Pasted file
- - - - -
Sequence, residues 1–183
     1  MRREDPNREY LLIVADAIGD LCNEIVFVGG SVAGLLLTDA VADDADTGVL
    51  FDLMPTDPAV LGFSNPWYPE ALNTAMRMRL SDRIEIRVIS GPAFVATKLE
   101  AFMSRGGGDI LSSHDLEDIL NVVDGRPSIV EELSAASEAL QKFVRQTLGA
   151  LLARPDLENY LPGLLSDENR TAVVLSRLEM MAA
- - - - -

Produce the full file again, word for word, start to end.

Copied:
Sequence, residues 1–183
     1  MRREDPNREY LLIVADAIGD LCNEIVFVGG SVAGLLLTDA VADDADTGVL
    51  FDLMPTDPAV LGFSNPWYPE ALNTAMRMRL SDRIEIRVIS GPAFVATKLE
   101  AFMSRGGGDI LSSHDLEDIL NVVDGRPSIV EELSAASEAL QKFVRQTLGA
   151  LLARPDLENY LPGLLSDENR TAVVLSRLEM MAA